Another point of departure with TUCAN is the rejection of hydrogen suppression. Each hydrogen atom, without exception, exists as a full node. Hydrogen suppression is is common in other molecular representation systems as a data compression technique. Its omission from TUCAN does not limit the range of accessible molecules, but will lead to reduced information density.


Algorithmic molecular identifiers such as TUCAN require a method for serialization. Serialization transforms a molecular graph into a form that can be conveyed using commodity technologies. Strings are ideal for this purpose and this is what TUCAN uses as well. However, the manner in which TUCAN strings are encoded is somewhat unusual.

A TUCAN string is encoded through the concatenation of two encodings: an empirical formula and an edge list. The result allows the unambiguous association of every node with an elemental symbol.

The empirical formula is encoded using Hill Notation. Carbon (if present) and its count if greater than one appears first. This is followed by hydrogen (if present) and its count if greater than one. The remaining element symbols and their counts (if greater than one) are then concatenated in lexicographical order. For example, the Hill formula for titanocene dichloride is "C10H10Cl2Ti".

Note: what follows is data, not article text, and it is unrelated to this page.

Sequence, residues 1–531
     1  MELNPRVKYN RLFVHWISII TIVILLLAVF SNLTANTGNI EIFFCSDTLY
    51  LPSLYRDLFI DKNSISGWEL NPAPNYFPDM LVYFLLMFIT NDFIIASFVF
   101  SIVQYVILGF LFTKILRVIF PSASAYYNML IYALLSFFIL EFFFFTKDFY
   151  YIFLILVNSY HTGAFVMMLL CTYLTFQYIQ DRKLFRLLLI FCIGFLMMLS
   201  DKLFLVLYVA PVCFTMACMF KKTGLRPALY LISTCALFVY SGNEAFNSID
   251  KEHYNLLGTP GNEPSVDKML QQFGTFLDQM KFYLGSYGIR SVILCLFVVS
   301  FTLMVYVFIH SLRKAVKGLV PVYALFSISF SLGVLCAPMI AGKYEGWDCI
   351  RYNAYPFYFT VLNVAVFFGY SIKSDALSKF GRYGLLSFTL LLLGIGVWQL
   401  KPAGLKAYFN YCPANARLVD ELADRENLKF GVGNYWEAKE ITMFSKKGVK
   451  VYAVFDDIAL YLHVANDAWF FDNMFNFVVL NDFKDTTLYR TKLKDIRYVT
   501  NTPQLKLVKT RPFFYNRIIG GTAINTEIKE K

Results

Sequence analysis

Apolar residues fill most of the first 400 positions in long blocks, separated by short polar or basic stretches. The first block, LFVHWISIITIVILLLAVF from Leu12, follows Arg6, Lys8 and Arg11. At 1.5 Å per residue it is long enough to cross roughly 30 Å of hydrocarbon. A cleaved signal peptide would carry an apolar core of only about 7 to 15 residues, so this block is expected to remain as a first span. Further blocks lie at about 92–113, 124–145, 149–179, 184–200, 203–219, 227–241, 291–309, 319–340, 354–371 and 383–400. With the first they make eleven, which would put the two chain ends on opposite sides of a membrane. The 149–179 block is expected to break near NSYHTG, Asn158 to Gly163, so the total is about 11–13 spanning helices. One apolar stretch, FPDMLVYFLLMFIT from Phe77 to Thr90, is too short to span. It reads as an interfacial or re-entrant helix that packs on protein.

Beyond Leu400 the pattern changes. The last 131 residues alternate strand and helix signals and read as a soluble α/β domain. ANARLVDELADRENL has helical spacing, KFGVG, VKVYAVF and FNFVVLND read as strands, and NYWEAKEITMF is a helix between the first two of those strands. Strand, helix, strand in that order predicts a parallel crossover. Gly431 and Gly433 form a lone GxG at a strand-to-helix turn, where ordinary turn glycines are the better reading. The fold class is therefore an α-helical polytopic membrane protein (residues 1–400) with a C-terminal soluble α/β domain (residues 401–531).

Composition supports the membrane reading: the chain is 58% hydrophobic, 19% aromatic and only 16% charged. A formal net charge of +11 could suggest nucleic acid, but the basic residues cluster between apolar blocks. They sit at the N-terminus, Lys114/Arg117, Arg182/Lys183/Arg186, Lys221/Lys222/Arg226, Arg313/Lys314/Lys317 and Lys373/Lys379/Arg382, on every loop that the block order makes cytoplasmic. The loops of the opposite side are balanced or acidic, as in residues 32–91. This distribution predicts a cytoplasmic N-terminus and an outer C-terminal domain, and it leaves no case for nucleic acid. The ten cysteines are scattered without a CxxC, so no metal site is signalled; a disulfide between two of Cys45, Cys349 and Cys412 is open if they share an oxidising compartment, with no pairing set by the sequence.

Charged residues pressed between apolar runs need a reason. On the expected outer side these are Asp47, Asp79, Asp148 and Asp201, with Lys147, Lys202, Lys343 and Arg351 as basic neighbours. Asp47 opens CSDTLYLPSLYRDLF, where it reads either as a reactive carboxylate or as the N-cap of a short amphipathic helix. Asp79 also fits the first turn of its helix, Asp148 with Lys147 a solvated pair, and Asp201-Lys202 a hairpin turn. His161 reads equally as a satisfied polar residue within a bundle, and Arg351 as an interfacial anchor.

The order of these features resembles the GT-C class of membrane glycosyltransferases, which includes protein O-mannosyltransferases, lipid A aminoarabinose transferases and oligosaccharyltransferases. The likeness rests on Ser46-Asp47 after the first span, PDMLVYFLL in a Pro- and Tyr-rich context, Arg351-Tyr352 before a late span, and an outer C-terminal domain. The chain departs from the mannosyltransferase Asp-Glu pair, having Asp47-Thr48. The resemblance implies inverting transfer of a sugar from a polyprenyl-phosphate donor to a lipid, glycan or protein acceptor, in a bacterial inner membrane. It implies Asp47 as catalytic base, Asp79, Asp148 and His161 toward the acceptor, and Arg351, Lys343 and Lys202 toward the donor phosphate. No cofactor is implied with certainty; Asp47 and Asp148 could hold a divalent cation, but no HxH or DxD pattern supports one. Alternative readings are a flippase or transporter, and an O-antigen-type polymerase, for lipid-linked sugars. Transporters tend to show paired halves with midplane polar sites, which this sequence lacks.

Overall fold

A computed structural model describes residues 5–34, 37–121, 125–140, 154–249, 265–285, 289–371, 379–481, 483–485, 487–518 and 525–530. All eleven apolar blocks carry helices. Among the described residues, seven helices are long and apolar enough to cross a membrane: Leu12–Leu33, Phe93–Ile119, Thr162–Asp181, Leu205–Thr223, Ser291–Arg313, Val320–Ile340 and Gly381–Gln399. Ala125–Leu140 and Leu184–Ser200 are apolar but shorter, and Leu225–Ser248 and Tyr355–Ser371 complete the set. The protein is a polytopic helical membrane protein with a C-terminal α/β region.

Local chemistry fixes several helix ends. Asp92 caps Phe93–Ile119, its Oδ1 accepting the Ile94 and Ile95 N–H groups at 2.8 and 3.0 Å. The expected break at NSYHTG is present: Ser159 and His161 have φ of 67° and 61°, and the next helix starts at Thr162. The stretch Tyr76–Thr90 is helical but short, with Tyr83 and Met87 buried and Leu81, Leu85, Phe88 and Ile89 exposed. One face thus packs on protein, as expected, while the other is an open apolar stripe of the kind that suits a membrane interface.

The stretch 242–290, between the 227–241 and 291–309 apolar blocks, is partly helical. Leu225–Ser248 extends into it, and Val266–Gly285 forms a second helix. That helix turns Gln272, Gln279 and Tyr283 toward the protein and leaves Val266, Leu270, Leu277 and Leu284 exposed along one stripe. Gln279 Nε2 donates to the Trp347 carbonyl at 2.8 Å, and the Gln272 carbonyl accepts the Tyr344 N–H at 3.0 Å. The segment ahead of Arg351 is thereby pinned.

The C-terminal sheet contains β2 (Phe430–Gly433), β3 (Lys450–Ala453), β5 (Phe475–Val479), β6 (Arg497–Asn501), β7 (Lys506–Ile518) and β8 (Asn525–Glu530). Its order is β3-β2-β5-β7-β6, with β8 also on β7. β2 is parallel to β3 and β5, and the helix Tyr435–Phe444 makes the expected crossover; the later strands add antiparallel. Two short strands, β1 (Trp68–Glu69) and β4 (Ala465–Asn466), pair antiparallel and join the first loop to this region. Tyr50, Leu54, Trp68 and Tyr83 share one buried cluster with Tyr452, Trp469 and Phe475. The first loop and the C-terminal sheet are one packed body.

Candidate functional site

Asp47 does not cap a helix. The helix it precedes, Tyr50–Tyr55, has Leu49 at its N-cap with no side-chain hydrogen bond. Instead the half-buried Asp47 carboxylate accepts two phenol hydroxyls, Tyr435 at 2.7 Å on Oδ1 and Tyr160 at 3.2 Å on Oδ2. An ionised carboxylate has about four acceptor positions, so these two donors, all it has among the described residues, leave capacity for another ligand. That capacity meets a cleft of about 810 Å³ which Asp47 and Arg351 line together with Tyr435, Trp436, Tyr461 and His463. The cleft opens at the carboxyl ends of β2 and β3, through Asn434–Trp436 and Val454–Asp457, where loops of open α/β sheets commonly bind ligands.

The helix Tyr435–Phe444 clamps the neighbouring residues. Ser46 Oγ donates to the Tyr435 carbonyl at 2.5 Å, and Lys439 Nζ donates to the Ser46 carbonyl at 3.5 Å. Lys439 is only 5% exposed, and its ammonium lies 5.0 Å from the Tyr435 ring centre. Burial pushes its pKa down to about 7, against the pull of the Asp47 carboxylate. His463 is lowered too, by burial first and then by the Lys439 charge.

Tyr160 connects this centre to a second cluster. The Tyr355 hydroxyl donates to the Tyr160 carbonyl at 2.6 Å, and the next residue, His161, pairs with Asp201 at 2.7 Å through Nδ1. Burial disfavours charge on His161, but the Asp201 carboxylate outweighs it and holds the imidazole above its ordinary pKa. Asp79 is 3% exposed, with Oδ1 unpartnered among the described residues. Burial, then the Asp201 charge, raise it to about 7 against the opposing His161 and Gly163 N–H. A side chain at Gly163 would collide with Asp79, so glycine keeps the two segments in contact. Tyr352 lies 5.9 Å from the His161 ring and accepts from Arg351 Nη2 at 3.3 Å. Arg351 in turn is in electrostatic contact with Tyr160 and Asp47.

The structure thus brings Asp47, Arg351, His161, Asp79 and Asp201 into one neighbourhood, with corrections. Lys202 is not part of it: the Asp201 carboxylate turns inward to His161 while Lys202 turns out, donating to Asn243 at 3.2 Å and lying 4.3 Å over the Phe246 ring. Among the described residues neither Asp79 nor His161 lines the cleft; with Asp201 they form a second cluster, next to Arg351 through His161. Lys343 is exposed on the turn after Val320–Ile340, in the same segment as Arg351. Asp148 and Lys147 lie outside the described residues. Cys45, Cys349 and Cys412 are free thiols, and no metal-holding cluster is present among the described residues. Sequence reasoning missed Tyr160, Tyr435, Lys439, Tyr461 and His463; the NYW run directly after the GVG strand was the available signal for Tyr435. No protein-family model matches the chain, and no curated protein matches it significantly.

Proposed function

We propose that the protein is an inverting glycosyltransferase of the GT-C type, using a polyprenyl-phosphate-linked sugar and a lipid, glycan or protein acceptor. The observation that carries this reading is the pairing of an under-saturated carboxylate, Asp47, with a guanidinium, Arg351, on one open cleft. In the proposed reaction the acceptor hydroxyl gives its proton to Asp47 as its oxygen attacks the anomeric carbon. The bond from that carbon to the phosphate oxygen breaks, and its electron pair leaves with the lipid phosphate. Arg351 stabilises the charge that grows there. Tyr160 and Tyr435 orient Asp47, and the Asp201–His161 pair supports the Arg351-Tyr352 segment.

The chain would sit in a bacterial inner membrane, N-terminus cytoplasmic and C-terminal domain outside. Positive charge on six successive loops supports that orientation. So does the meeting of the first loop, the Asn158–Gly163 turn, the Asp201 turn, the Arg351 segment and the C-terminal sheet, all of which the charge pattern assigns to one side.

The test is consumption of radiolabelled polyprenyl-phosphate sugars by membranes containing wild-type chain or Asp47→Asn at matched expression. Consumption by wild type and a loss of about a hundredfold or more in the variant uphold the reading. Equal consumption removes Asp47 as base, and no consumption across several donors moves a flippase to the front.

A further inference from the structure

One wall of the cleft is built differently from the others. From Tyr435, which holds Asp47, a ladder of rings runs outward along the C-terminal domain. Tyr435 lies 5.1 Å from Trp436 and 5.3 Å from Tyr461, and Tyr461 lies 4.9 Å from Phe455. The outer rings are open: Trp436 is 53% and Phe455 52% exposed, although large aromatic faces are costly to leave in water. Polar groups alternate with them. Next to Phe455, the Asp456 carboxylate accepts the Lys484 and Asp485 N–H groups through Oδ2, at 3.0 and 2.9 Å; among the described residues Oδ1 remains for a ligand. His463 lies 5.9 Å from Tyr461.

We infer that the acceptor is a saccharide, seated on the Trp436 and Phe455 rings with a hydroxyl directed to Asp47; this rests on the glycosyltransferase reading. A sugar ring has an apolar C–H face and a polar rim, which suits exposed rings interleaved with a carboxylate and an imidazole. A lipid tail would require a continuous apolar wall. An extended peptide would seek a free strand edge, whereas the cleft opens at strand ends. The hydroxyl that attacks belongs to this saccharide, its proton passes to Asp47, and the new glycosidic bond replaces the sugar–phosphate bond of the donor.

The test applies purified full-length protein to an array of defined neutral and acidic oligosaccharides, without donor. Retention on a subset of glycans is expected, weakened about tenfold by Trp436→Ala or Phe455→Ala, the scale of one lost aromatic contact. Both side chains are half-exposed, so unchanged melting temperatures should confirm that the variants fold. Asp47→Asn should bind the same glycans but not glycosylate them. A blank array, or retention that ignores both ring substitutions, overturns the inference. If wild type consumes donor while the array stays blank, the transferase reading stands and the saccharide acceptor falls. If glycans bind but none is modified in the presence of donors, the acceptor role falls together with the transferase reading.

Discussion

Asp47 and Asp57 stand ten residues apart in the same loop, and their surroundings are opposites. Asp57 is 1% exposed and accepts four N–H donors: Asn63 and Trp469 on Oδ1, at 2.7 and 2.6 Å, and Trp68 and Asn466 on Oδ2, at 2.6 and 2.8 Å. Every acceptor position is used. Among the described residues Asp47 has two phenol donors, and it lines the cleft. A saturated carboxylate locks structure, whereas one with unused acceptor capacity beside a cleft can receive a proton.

The edge list in a TUCAN string does double-duty by providing indexes into the Hill formula to reveal the corresponding element and by revealing node connectivity. This dual purpose requires some preparation. Each node is assigned a one-based integer index in order of increasing atomic number. In other words, hydrogen-bearing nodes receive the first set of indexes, followed by helium-bearing nodes, followed by lithium-bearing nodes, and so on.

Methanol Indexing
Methanol Indexing. Indexes are assigned in increasing order of atomic number. A string representation is then computed as "CH4O/1-5/2-5/3-5/4-6/5-6". Only one of several compatible indexings is depicted.

Given a valid node indexing, an edge list is compiled. This list is comprised of member tuples, representing edges, which are comprised of the indexes of the terminal nodes. Edge tuples are themselves sorted lexicographically with the lower index appearing first. For example, an edge between nodes 10 and 5 would be represented by the tuple (5,10), not (10,5). Edge tuples are then added to the list in increasing lexicographical order. For example, the set of edge tuples {(2,3),(1,3),(1,4)} would be listed as [(1,3),(1,4),(2,3)].